The Great Blizzard of 1888, also known as the Great White Hurricane, was a ferocious storm that struck the East Coast of the United States and the Atlantic provinces of Canada. The unexpected storm landed 10 to 58 inches of snow that paralyzed transportation and distracted communication, leaving millions of people isolated. The snow was accompanied by winds of more than 45 mph. By the time the storm subsided, more than 400 people were dead.
What Caused the Great Blizzard of 1888?
Though storm began on March 12 and ended on March 14, its effects were felt weeks thereafter. A cold winter presided the storm with temperatures across the Eastern US and Canada falling to below freezing point. The storm began as heavy rainfall in New York City on the afternoon of March 11 but it was not until midnight when the temperatures significantly dropped and the rainfall turned into heavy snow. The city woke up to the sight of streets covered by enormous drifts of snow that rendered the roads and highways impassable. Other cities on the East Coast including Washington DC and Philadelphia experienced similar conditions. Telegraph lines were severed, halting communication across the entire region.
A combination of several factors made the blizzard of 1888 catastrophic. The temperatures in March were extremely low, plummeting to below the freezing point in New York City. Wind speeds of up to 50 miles per hour made the situation even worse. In Manhattan, 21 inches of snow accumulated in huge drifts while in New York 58 inches of snow covered roads and streets. People in the entire New England region could not leave their houses and those who did ended up dead in the snow or suffered severe frostbite.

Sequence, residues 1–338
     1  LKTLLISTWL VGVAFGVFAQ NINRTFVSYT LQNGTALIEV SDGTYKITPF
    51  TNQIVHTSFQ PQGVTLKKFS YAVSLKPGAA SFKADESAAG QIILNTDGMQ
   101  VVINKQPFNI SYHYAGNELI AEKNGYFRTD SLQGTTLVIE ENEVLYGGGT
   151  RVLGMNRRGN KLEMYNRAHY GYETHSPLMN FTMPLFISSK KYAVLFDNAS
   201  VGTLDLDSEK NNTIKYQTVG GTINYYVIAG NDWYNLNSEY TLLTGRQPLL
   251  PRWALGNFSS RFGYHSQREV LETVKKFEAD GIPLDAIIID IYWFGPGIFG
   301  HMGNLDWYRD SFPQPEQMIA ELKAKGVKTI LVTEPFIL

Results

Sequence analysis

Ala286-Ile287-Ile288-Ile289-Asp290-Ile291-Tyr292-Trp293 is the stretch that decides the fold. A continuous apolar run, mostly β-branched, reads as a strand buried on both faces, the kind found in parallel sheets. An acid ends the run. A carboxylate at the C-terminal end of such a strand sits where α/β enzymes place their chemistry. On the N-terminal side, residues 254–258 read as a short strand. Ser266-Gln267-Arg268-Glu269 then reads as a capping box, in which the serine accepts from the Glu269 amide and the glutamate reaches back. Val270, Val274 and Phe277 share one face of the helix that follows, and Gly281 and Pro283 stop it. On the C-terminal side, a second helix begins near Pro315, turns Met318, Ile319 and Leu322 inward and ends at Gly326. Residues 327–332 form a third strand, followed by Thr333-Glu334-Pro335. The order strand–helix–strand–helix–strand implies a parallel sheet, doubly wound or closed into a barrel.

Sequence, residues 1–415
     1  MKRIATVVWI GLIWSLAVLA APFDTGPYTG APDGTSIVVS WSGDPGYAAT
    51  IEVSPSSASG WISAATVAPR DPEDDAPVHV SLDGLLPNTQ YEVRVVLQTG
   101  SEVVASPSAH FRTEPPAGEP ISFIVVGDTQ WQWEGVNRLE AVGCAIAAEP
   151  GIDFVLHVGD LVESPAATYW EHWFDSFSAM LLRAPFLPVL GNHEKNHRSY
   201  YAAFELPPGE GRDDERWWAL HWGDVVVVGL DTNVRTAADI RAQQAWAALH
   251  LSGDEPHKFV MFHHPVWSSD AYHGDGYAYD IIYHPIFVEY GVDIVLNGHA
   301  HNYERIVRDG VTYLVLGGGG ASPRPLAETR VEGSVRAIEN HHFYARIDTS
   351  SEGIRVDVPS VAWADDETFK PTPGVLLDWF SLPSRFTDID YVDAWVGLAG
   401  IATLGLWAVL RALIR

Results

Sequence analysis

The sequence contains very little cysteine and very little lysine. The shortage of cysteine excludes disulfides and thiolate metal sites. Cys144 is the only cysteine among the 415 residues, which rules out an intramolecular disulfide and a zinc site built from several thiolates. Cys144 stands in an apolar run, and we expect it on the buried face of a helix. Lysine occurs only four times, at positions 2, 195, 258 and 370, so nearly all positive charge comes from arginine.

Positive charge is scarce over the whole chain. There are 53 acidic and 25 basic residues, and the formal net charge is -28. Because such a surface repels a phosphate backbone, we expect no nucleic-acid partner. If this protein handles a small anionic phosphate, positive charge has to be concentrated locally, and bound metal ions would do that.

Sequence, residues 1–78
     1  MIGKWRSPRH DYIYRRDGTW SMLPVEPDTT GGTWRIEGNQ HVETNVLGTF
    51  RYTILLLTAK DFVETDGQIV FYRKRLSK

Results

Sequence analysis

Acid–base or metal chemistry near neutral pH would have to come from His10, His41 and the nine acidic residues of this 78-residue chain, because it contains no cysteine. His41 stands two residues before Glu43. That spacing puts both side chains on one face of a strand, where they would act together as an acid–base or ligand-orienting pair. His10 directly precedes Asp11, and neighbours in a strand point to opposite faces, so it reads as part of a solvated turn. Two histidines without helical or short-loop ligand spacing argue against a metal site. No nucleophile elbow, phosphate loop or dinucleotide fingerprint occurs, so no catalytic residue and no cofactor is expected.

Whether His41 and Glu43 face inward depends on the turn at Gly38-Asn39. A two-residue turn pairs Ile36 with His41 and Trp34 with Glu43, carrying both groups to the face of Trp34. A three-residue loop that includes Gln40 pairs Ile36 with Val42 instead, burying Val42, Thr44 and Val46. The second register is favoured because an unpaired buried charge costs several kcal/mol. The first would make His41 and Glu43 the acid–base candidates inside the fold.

Impacts Of The Blizzard
Apart from the reported deaths, communication and transportation across the East Coast were disrupted. The elevated trains of New York were rendered unusable as the rail lines filled up with snow. People did not report for work, markets and business premises remain closed, emergency services were ineffective, and major cities came to a standstill. The fear of famine and isolation loomed over the masses as household exhausted the supply of basic foodstuffs such as milk and bread. There was panic that the storm would result in a nationwide shortage of food. Reports released by the Navy noted that about 90 ships sank in the seas while several more were badly damaged.
The Significance Of The Great Blizzard
The storm has remained as a reference to how deadly weather can become. Millions of people were affected in ways they could never forget. Severe weather conditions in the near future was compared to the blizzard as people narrated survival stories to their children and grandchildren. The scientific community was urged to improve the prediction of such weather to prevent similar occurrences from happening in the future.
About the Author
Victor Kiprop is a writer from Kenya. When he's not writing he spends time watching soccer and documentaries, visiting friends, or working in the farm.
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